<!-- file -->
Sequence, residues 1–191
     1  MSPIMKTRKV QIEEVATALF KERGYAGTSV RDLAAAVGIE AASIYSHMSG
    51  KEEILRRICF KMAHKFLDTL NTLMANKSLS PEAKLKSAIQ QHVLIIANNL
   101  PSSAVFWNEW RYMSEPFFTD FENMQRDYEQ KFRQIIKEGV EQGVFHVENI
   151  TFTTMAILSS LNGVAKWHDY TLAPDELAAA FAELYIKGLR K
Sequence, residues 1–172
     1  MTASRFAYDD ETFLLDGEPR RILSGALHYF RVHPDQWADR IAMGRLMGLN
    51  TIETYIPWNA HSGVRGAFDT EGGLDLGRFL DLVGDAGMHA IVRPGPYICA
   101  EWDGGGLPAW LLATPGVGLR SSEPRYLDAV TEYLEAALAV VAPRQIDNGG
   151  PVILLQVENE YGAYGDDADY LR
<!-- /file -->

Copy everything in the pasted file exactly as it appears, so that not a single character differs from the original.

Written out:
Sequence, residues 1–191
     1  MSPIMKTRKV QIEEVATALF KERGYAGTSV RDLAAAVGIE AASIYSHMSG
    51  KEEILRRICF KMAHKFLDTL NTLMANKSLS PEAKLKSAIQ QHVLIIANNL
   101  PSSAVFWNEW RYMSEPFFTD FENMQRDYEQ KFRQIIKEGV EQGVFHVENI
   151  TFTTMAILSS LNGVAKWHDY TLAPDELAAA FAELYIKGLR K
Sequence, residues 1–172
     1  MTASRFAYDD ETFLLDGEPR RILSGALHYF RVHPDQWADR IAMGRLMGLN
    51  TIETYIPWNA HSGVRGAFDT EGGLDLGRFL DLVGDAGMHA IVRPGPYICA
   101  EWDGGGLPAW LLATPGVGLR SSEPRYLDAV TEYLEAALAV VAPRQIDNGG
   151  PVILLQVENE YGAYGDDADY LR